Mercedes-AMG GT 63 S E vs. Taycan Turbo S
Would sir like his electrified sports saloon with a big battery – or a large V8?
By Stephen Dobie / Saturday, 20 May 2023 / Loading comments
There’s a story from the 1960s space race that was front of mind as I absorbed the tech specs of these cars before driving them. Upon learning that a good old biro wouldn’t work in zero gravity, NASA spent ungodly sums of money designing a pen that would, while its Soviet rivals simply packed a bunch of pencils into their astronaut’s flight bags.
I’m sad to report there’s a generous portion of urban myth baked around a kernel of truth; the abridged version appears to be that a private company spend millions developing its own pen which both space agencies then adopted. The mis-told tale is much neater, of course – a timely allegory about keeping things simple.
It pops to mind when trading tech numbers between the Mercedes-AMG GT 63 S E Performance and Porsche Taycan Turbo S. Tasked with making an ‘electrified sports saloon’, AMG developed an overwrought pen. Porsche simply sharpened a pencil.
This isn’t to say the Taycan is at all simple. It reveals much about the sheer complexity of the GT 63 that a fully electric saloon with two motors, two transmission speeds, all-wheel steer and five driving modes feels so minimalist in its execution when parked alongside it. Make no mistake, the AMG looks and feels imposing and brutish. The spec sheet always promised as much. It’s basically a stock GT 63 S with another 204hp, 335kg and £22,385 added to the recipe. A car that wasn’t slow, light or cheap in the first place, it’s worth adding.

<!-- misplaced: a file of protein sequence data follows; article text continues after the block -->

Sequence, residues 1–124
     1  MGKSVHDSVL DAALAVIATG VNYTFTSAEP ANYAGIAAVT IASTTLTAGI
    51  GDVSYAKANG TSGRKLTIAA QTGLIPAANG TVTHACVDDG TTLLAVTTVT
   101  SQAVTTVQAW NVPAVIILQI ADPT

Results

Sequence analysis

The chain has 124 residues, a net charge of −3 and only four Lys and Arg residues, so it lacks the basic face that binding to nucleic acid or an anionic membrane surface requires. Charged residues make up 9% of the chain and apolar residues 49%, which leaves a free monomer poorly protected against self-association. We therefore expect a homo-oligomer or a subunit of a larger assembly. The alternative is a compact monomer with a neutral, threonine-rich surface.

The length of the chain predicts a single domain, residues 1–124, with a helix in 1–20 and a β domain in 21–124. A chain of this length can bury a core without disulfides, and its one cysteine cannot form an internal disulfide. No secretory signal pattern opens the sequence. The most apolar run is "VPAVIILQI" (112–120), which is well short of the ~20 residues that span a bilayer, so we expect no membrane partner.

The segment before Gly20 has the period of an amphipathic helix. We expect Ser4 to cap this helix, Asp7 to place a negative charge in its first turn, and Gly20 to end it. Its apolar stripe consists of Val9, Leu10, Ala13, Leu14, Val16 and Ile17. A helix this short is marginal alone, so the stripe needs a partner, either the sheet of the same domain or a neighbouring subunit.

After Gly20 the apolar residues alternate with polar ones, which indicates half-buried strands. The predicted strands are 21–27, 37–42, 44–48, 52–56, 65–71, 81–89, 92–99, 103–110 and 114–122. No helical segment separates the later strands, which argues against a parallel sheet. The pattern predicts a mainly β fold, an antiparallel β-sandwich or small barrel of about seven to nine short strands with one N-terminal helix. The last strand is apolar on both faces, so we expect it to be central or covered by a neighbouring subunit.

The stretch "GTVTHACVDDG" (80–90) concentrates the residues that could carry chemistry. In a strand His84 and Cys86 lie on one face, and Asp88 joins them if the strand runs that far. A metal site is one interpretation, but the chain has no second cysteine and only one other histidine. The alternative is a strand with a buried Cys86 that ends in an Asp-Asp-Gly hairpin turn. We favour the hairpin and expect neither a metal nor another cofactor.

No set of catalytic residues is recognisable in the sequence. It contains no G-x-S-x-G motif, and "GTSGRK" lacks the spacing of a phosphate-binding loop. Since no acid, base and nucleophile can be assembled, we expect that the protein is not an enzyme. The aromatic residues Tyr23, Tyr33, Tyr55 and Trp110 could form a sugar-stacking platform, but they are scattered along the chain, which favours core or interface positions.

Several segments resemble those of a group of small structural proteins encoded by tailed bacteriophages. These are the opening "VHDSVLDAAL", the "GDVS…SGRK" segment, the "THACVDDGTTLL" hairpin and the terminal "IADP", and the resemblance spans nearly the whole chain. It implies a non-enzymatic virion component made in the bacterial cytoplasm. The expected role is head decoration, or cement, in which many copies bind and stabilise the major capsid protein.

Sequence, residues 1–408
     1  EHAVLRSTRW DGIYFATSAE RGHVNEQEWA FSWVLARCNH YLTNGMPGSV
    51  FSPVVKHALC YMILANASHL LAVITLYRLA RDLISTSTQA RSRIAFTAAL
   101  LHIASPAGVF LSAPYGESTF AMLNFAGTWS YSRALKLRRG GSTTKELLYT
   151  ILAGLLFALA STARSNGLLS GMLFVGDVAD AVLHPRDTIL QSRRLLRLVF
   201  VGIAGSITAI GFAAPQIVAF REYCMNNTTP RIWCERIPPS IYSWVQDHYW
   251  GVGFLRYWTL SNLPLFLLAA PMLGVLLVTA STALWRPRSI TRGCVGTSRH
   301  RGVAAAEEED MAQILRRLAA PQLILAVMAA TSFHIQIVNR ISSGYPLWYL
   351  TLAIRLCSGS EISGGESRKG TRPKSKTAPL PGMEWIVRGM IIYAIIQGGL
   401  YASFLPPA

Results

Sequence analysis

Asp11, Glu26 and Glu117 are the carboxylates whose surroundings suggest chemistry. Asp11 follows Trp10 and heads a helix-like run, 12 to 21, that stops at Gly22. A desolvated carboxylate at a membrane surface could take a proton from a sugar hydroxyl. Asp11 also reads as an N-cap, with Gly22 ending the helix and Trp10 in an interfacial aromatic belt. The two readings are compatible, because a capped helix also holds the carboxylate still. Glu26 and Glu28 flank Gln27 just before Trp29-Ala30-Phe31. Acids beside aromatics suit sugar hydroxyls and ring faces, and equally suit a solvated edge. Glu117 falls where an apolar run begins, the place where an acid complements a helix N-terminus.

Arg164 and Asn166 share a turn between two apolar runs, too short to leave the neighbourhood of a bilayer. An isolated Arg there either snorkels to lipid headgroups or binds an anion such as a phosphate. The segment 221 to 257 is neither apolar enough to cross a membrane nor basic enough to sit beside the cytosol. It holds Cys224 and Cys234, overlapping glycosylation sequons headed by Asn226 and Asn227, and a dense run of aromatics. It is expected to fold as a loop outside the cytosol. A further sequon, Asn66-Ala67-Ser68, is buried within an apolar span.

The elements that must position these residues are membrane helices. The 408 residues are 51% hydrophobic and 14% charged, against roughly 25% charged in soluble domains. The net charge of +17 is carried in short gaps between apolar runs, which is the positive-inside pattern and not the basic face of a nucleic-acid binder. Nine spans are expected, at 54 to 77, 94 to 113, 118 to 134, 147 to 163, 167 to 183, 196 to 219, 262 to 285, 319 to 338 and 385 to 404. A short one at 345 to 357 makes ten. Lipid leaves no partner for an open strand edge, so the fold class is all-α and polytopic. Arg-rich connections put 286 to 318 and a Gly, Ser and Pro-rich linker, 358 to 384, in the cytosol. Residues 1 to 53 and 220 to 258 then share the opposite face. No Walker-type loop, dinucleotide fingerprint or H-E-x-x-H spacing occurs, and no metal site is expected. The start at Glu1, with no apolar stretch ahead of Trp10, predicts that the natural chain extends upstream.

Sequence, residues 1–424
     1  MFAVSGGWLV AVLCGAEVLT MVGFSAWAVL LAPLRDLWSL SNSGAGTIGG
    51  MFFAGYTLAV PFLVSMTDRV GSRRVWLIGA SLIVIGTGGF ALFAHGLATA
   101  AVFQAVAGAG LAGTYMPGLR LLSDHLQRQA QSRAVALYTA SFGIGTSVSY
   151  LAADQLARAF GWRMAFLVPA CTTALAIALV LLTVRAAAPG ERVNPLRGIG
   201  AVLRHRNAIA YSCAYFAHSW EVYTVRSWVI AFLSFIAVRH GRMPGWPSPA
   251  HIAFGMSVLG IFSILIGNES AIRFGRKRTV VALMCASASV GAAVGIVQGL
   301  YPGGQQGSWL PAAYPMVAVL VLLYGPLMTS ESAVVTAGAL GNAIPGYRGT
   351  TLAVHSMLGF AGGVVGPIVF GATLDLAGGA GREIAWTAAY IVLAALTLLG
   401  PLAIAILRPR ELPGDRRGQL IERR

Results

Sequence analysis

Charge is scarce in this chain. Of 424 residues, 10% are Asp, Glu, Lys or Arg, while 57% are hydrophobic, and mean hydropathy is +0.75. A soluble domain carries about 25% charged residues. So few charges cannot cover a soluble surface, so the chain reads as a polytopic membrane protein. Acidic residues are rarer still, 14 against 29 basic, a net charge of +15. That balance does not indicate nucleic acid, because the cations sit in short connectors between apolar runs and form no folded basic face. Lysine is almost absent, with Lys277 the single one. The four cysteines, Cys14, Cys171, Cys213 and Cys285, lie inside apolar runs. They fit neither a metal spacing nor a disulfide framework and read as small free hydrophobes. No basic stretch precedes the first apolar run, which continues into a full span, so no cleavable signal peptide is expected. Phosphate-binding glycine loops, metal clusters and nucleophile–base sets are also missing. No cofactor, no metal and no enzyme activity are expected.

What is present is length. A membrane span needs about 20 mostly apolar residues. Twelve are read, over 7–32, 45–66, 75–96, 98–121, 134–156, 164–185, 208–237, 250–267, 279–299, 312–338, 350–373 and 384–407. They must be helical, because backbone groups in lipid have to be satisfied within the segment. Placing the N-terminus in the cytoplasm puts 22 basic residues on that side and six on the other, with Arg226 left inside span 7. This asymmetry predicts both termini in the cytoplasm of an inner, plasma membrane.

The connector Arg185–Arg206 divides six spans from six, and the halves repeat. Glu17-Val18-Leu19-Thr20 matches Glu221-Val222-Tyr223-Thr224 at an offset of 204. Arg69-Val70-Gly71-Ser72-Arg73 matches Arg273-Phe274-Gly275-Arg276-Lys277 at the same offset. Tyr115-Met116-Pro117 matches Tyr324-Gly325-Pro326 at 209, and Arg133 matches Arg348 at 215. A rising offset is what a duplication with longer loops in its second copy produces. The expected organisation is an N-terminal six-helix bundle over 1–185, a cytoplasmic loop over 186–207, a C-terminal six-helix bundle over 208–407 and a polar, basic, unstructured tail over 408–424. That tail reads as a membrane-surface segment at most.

The headline is its 843hp peak, the result of bolting an electric motor to the rear axle while a 639hp 4-litre twin-turbo V8 continues service upfront. The motor and its 6.1kWh battery are stacked (eating noticeably into boot space) to achieve 50/50 distribution while 4Matic+ all-wheel-drive allows its behemoth power to be spread around. Though in truth I checked that fact more than once, convinced the murdered-out example pictured here was missing its front driveshafts. It can be a lively bugger.
Worried the battery is rather small? Well, it certainly curtails any ‘blatant tax dodge’ accusations you might normally throw the way of a luxury hybrid. You can plug it into a socket, but I’m not sure how often you’ll bother. At most, it’ll give you eight miles of electric-only range, ensuring the rigmarole of finding somewhere to charge it – before paying soaring energy costs to do so – will rarely seem worthwhile.
AMG makes little attempt to hide the fact its e-boost brings more power rather than a worthy push for sustainability. Claims of 35.8mpg and 180g/km are a vast improvement over a regular GT 63 on paper, but it remains a 20mpg car in daily use. Whirring past gawping onlookers in hushed tones is an oddly appealing game, though, the soundtrack briefly a universe away from the blood and thunder its styling implies.
The driving experience certainly matches, though rarely has a full week with a test car been so vital to understanding it. A 20-minute loop in a true performance car icon will prove more than enough to convince you it’s the second coming; a short 20-minute taster in this will both nonplus and overwhelm you, the sheer quantity of its driving modes making it all appear a bit standoffish. There are seven modes, each of their parameters then individually toggled via its sea of miniature centre console screens. But sticking in default Comfort is actually the key to just getting on with enjoying the thing – not least because the ride is already heroically firm and ramping up the responses of an 843hp powertrain on the road often feels unnecessary.